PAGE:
Invite another grade to your classroom and share the work you have done, the class guidelines that have been developed and the postcards. Form pairs with your visitors and invite each partner to consider ways that they could support individual freedom within the school community. Have each pair illustrate a new postcard with a written commitment on the back explaining how this action will promote the freedom of all within the school. Display the postcards in a public area for others to read.

Doing Your Best

Brainstorm a list of the human and animal circus performers and the special skills they demonstrate in the story. Add any other circus acts that students may know about.

Work in small groups to plan a series of posters to promote a circus. Identify the most important performers and the range of skills that they display in their performances. Organise the group findings into a mind map and allocate a performer for each person in the group.

Plan and publish a poster promoting your selected act in a circus. Your poster should illustrate the particular skills that this performer applies to demonstrate that they perform to the best of their ability.

In what ways does a circus performer develop and demonstrate their skills? Select one circus performer from the class brainstorm and list the special skills that performer needs to work in a circus. Conduct some background research to add to your knowledge. Write a training schedule for that performer that will maintain and further develop their skills.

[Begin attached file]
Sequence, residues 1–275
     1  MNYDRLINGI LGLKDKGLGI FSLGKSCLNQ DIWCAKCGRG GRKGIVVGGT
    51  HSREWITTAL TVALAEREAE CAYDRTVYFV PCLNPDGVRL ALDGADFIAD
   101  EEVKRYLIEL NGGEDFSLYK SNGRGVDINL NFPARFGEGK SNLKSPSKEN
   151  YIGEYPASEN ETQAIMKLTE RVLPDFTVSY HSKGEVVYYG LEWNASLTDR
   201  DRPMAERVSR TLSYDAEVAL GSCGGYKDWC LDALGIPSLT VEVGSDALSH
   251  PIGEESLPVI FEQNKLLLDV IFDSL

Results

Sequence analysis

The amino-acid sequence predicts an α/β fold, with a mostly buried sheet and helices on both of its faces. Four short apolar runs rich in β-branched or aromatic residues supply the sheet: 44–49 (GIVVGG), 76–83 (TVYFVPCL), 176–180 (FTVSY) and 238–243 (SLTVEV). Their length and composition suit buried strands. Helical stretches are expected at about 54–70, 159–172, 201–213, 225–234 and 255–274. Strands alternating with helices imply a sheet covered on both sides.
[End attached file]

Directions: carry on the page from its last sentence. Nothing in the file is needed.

Identify one skill of your own that you would like to develop further. For example, physical fitness such as running or long jump, sustained reading, painting, designing computer graphics or mathematics. Conduct some background research by asking people you know who are skilled in that area about how they work at improving their skills. Set a goal for self-improvement and list the strategies that you will use to help attain your goal. Write a schedule to help you include the strategies in your daily life. Collect evidence of your current skill level before you start your schedule, then measure or compare your progress each week.

Responding to Text

What are the most important details and events in the story? Complete a Five Ws chart to identify What, Who, Where, When and Why, and record the details that answer the questions.

Share individual findings recorded in the Five Ws charts amongst your group. Discuss the responses recorded in the Why circle and develop a group response to explain the following.

  1. Why did the performers want to run away?
  2. Why did the performers behave the way they did in Joanna's home and in the school?
  3. What possible consequences could there be for the performers' behaviour?

Imagine that you have been asked to write a sequel to The Runaway Circus. Plan the next story about Joanna and the circus performers. Use the Story Outline worksheet to write or draw your plan for the next adventure. Plan how would act out the story, then rehearse each stage and present your play to the class.

Use your small group's story outline as a guide to write your own sequel to The Runaway Circus. Publish your final copy to share with the class.

© Curriculum Corporation 2006